October 19, 2003 - The Olympian: Costa Rica RPCV and Gay Rights activist Jose Gomez says Cesar Chavez inspired him to join his cause
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October 19, 2003 - The Olympian: Costa Rica RPCV and Gay Rights activist Jose Gomez says Cesar Chavez inspired him to join his cause
- Me Tuesday, June 13, 2006 - 5:51 pm 
Costa Rica RPCV and Gay Rights activist Jose Gomez says Cesar Chavez inspired him to join his cause
Read and comment on this story from the Olympian on Costa Rica RPCV Jose Gomez, a professor at The Evergreen State College, says Cesar Chavez inspired him to join his cause and later become Chavez's right-hand man. Gomez recently was honored by Harvard Law School for starting a gay civil rights group 25 years ago. Read the story at:
Harvard to Evergreen*
* This link was active on the date it was posted. PCOL is not responsible for broken links which may have changed.
Harvard to Evergreen
Professor's path to South Sound filled with years of worldwide travel, activism, education
Caption: Jose Gomez, a professor at The Evergreen State College, holds the original Time magazine cover on Cesar Chavez that inspired him to join his cause and later become Chavez's right-hand man. Gomez recently was honored by Harvard Law School for starting a gay civil rights group 25 years ago.
Ron Soliman/The Olympian
WENDY CULVERWELL THE OLYMPIAN
On the Web
The Evergreen State College: www.evergreen.edu
Jose Gomez is an unassuming man with piercing eyes, elegant, expressive hands and a book-filled office at The Evergreen State College.
This year he is co-teaching a course called "Dissent, Injustice and The Making of America," and he is a long way from where he started.
Just how far became obvious in September when Gomez received the Harvard Law School Lambda Distinguished Alumni award, honoring his bold efforts to start a gay civil rights group on campus 25 years ago.
A colleague of civil rights and labor leader Cesar Chavez and veteran of the California farm worker conflicts of the early 1970s, Gomez was no stranger to controversy when he slipped an invitation to fellow law students to form a committee on gay legal issues in their mail boxes Sept. 19, 1978.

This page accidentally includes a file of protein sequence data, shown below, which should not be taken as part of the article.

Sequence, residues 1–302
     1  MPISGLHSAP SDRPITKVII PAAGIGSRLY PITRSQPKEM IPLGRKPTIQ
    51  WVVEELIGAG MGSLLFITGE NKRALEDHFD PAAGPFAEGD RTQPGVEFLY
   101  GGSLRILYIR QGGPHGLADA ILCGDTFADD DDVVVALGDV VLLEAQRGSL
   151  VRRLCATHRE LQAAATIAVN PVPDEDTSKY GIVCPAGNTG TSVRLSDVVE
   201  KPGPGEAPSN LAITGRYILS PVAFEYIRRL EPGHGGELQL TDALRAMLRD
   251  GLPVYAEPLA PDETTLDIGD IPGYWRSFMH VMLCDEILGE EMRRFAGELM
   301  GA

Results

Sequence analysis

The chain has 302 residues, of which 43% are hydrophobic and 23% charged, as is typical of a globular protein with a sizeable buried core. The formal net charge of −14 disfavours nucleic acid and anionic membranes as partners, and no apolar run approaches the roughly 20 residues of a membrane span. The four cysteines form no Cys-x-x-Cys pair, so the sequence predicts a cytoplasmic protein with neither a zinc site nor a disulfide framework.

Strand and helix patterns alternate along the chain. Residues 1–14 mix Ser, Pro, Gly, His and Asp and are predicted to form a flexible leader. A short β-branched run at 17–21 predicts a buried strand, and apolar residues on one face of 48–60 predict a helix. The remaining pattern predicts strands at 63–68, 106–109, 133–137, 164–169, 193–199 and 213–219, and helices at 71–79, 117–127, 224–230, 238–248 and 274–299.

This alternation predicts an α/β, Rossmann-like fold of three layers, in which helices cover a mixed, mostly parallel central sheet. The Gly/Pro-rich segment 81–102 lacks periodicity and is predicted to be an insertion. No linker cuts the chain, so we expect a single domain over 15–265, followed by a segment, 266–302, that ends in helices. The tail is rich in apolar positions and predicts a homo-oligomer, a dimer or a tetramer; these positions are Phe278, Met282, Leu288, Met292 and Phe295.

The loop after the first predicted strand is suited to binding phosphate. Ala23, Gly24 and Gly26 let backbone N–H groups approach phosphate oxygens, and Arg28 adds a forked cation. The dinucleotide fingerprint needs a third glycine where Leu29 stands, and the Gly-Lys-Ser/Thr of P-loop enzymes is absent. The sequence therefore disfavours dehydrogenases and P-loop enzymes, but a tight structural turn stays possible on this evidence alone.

"Why a Committee on Gay Legal Issues?" he asked in all capital letters.
Beyond campus at that time, gay gathering spots were being raided by police, and anti-gay laws were being promoted around the country.
Gomez, who had no idea how his invitation would be received, nonetheless asked concerned students to gather to discuss how they could work to protect the civil rights being denied to gays.
Barbara Kritchevsky, then a law school colleague, said Gomez took a courageous step considering the level of ignorance that prevailed about homosexuality.
During one debate over adding sexual orientation to the law school's nondiscrimination policy, Kritchevsky recalled an administrator confusing homosexuality with cross-dressing. She told Gomez that if he went to an interview in a dress, he couldn't expect people to take him seriously.
"Jose was really ahead of his time. He got the whole thing going," said Kritchevsky, now a professor of law and associate dean for academic affairs at the University of Memphis (Tenn.) Cecil C. Humphreys School of Law.
"There certainly was some risk there," she said.
Despite the risk, a dozen people showed up.
That showing emboldened still others to join, and a sympathetic constitutional law professor agreed to sponsor the Committee on Gay Legal Issues, or COGLI. Kritchevsky became one of the original officers.
COGLI later changed its name to the simpler "Lambda."
The alumni award was presented on the 25th anniversary of that first meeting. For Gomez, returning to campus to celebrate the accomplishments of the many lawyers who passed through the group in the intervening years was surreal and gratifying.
"It was the highlight of my professional career, knowing what this organization is doing," Gomez said.
Far from home
Gomez was 33 when he enrolled at Harvard. He was, by all accounts, an unlikely candidate.
One of 10 children of Mexican-American parents who had completed only the second grade, Gomez was born in Colorado and raised in Wyoming, where his father worked in coal mines.
When that dried up, the family went to work in fields. Gomez remembers sleeping on his side at 11 because his back was too sore to lie on.
Later, he would work with Chavez and the United Farm Workers to pass laws against the short-handled hoe, the crippler of so many agriculture workers.
Compared to the fields, school was paradise, and Gomez was determined to succeed. Still, while his parents supported his high school ambitions, his father balked when he said he wanted to go to college and become a teacher.